Can a formal appeal to human decency and traditional national values cause a massive uprising that might impact how a country is governed? And can celebrities help the cause? The Leap Manifesto is […]
Refugees Welcome has been described as Air BnB for refugees. It is a site that aims to connect refugees with people who have spare rooms to let in their apartments/houses. It […]
Can corporations and economic powers just DECIDE to act more ethically towards citizens and the environment? How effective might a social covenant be? The New Social Covenant (http://newsocialcovenant.org/about_us.php) was developed […]
Are more democratic systems necessary before important social-ecological transformations can occur on a large scale? Podemos is a Spanish political party that appeared in early 2014. The relevance of Podemos […]
An experimental method using technology to connect thousands of people to develop creative solutions to governance problems rapidly Objective: to improve governance and decision-making, as well as the design of interventions, using […]
Connecting people to people, rebuilding understanding of how systems work: Can creative, international and interdisciplinary education structures focusing on broad topics such as the Anthropocene create synergies and networks that […]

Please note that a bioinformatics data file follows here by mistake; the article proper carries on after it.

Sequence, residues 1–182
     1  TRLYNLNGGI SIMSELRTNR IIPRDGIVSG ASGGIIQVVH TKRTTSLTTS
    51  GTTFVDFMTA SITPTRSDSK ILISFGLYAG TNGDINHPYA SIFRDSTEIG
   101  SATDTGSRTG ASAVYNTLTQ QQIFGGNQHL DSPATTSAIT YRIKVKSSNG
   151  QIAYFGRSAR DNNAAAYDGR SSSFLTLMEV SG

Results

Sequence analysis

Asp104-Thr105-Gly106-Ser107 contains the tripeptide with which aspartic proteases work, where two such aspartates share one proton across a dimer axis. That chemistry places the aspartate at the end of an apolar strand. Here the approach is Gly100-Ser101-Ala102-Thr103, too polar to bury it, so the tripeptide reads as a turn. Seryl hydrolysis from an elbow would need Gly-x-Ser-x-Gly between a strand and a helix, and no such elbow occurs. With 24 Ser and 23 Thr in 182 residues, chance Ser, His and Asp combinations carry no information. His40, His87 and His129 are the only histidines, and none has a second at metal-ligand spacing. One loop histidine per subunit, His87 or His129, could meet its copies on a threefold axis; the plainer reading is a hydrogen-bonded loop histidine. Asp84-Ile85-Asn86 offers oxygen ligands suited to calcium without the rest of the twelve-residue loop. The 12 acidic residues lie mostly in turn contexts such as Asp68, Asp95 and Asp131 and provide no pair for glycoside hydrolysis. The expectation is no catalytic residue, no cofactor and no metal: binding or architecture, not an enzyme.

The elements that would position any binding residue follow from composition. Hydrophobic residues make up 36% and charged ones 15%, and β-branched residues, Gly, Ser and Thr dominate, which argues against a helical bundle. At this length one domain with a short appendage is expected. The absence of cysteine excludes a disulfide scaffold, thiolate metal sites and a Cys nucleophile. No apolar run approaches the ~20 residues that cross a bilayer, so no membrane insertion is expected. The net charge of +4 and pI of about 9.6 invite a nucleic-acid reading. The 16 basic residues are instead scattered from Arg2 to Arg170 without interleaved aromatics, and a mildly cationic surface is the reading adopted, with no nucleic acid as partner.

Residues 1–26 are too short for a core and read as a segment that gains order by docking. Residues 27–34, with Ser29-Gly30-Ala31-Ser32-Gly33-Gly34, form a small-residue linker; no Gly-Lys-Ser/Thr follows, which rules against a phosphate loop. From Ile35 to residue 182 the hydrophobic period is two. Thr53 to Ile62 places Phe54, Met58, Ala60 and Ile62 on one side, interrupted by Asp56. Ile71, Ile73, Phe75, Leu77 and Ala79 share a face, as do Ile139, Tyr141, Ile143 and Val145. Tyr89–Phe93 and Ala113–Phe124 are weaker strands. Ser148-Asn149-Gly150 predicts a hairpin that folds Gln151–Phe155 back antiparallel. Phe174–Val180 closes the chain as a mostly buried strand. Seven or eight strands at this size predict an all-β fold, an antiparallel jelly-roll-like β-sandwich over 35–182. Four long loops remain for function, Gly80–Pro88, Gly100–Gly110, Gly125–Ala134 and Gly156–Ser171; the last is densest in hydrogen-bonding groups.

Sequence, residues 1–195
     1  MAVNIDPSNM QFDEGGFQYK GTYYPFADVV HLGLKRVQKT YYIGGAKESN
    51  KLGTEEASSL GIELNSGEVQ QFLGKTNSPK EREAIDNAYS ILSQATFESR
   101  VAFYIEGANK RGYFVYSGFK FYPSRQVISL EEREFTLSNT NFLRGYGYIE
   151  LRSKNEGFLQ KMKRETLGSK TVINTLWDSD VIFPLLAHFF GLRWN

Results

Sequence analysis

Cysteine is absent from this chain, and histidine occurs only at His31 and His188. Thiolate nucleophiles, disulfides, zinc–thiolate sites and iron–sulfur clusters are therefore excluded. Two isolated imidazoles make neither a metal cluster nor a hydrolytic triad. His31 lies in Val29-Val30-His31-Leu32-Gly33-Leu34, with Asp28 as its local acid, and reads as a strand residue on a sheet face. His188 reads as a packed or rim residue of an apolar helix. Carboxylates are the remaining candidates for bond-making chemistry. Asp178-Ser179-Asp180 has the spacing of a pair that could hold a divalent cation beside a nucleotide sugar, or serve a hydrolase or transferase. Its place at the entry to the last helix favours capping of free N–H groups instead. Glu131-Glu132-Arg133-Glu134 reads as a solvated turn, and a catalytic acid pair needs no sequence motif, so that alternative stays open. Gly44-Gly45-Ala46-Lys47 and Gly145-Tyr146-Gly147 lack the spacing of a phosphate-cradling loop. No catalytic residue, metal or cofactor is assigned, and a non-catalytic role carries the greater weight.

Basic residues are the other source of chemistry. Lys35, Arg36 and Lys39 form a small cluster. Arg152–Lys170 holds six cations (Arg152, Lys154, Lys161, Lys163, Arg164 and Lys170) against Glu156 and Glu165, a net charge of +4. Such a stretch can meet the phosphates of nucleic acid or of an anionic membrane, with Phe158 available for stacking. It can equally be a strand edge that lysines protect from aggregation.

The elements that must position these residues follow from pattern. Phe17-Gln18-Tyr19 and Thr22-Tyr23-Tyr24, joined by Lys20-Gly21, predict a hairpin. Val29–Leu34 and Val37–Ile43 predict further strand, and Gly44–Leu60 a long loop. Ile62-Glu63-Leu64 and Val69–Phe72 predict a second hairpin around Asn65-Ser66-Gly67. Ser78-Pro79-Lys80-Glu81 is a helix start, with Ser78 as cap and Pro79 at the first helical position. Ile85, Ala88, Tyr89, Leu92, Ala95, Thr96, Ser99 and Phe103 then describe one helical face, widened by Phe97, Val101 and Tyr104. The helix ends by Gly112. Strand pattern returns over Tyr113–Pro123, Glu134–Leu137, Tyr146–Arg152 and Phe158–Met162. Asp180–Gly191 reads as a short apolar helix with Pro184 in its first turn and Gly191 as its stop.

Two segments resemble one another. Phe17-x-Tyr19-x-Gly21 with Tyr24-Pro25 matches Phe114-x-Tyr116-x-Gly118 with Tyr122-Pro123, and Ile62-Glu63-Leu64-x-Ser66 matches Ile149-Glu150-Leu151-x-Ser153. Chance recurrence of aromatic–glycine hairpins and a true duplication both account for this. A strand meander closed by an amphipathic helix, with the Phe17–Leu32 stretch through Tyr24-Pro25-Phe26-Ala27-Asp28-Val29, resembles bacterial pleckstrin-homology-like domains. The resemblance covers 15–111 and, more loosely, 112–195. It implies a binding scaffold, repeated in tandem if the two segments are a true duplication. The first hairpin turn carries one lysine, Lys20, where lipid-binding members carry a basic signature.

“Tribal parks” – are an example of Aboriginal people asserting their rights to govern and use land in ways without the prior approval of a national government. In Canada, some tribal parks have been converted into co-managed national parks (e.g. Gwai Hannas national park), while other exist in an interesting legal gray area where they form partnerships with some levels of government but are not formally recognized by others (e.g. Tla-o-qui-aht Tribal Park ). These parks are interesting because they represent a way in new way in human, and historical values have been incorporated in the protection of ecosystems. They are also interesting because they have been asserted not by the state, but by colonized people who have historically been displaced by the state. By enhancing the diversity of land ownership and land governance systems these tribal parks potentially provide opportunities for experimentation and learning that can benefit broader society.